Every first-time parent knows firsthand the mixture of excitement and nervousness brought on by the thought of raising a child. A lot of things will change, and you have to take full responsibility for your little one. And as rewarding parenthood is, it will definitely be challenging.
The good news is you can always prepare yourself by reading books or asking experienced parents. Especially nowadays, almost every information is easily accessible with the help of the internet. Maybe you want a list of baby must-haves and learn more about how you can make breastfeeding more comfortable with nursery glider.
And since you have found this article, we know that you are looking for tips on how to ace your first year of parenthood. Below are some words of advice that you can apply to your new life as a parent.
Communicate with Your Partner
Parenthood, like all relationships, requires good communication. And this is not only applicable to you and your children. It is important that you have a clear discussion with your partner for easier co-parenting. What we mean by this is for you to be open with your needs and even struggles. If an aspect of your current parenting situation is bothering you, it is better that you tell it to your partner rather than keeping it in secret.
You will find yourself less stressed because your partner can express his/her opinions about different situations. Not to mention, open communication will prevent the two of you from feeling resentful over each other. After all, you can’t be mad at your partner if he/she failed to do things at a certain degree that you expected.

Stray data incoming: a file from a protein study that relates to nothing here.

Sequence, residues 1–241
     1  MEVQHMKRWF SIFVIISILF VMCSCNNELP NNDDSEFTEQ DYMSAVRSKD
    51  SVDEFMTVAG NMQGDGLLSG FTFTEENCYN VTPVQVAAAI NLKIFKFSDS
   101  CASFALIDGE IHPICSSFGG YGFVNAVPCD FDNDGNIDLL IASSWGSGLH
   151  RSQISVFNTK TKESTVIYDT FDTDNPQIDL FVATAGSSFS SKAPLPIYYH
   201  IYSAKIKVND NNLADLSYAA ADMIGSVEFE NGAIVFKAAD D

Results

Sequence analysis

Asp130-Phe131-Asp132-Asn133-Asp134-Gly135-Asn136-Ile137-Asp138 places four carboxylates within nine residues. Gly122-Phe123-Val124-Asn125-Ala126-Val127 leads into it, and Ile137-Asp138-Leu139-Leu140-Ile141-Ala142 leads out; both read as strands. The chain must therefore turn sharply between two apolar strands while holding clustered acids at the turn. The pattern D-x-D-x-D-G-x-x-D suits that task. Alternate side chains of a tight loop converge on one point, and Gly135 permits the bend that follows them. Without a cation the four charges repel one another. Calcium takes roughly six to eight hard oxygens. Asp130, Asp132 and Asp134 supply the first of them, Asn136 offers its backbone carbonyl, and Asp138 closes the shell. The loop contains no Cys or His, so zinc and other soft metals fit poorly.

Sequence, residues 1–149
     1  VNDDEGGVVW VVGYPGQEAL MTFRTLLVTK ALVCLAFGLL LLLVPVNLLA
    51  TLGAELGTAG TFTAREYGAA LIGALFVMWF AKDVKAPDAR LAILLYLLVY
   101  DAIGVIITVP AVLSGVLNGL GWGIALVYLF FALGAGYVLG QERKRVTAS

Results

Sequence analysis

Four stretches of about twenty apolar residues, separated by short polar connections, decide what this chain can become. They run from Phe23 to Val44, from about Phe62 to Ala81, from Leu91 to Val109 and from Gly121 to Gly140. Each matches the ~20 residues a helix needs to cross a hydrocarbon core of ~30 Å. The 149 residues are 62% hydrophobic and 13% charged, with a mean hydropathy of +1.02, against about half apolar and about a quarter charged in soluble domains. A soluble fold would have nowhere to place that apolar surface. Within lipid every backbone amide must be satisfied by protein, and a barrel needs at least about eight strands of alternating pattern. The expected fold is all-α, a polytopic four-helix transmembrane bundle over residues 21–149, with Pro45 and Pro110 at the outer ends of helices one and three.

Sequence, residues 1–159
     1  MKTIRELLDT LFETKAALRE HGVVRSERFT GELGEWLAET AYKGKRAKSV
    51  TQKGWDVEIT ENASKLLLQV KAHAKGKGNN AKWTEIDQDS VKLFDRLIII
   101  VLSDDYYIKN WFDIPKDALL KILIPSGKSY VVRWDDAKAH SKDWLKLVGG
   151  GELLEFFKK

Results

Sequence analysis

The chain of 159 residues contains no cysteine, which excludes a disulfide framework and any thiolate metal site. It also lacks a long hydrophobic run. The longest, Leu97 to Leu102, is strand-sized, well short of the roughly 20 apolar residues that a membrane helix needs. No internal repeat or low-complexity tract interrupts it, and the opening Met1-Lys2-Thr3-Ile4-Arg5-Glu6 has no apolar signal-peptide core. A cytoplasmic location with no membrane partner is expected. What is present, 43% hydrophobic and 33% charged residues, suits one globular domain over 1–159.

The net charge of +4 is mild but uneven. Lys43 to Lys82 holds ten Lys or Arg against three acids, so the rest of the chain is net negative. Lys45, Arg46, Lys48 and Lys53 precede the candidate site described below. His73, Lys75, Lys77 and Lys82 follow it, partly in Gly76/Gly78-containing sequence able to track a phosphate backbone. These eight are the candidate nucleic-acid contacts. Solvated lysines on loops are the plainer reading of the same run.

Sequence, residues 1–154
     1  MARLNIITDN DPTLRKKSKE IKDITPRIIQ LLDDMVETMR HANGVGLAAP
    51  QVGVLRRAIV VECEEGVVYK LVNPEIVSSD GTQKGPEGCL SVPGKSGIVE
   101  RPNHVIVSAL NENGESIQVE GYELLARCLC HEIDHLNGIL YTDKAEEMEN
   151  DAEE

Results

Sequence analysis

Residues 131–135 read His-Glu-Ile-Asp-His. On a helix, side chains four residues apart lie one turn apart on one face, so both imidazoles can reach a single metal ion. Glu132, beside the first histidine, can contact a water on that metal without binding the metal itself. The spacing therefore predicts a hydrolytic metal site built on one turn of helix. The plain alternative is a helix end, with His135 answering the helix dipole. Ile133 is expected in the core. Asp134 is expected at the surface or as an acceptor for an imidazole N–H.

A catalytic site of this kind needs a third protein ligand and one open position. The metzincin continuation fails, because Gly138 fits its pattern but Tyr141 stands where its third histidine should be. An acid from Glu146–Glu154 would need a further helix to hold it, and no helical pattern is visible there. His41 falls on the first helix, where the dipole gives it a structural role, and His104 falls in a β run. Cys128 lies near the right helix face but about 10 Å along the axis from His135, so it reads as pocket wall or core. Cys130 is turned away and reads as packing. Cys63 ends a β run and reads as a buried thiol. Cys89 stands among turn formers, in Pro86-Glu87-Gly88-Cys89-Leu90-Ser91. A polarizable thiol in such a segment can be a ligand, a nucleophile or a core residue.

Both of you can also discuss about how you want to divide certain tasks (e.g., who’s in charge of diaper changes.) This way, you and your partner can meet halfway, and both parents can do baby duties in a more conveniently. For example, if you need to rest after you come home, you can take a different time shift from your partner.
Lower Your Expectations and Avoid Comparisons
As we have briefly mentioned earlier, you can’t set expectations for your partner if you haven’t discussed them with him/her. But this lowering of expectations is not only applicable to your co-parent. In fact, you should also apply this to yourself and on the parenting itself.
During the time before you have even brought your baby home, you probably have an idea of what’s it going to be like when he/she arrives. Perhaps you want to be that picture-perfect mom/dad who does things right off a heartfelt family movie.
We hate to break it to you, but eventually, you may end up letting go or even not doing any of the things you imagined. You might tell yourself you will never rely on a nanny or that you will never use formula. But every day is unpredictable, and you will have to jump over the hurdles along the way. Even if this means letting go of your expectations.
Another potentially unhealthy habit that you must let go now is comparing yourself to others. This includes different aspects of parenting, and even who you are as a parent. We understand how difficult it is not to feel bad when you see other parents who seem to be winning the parenting jackpot. But understand that not all lifestyles and babies are alike.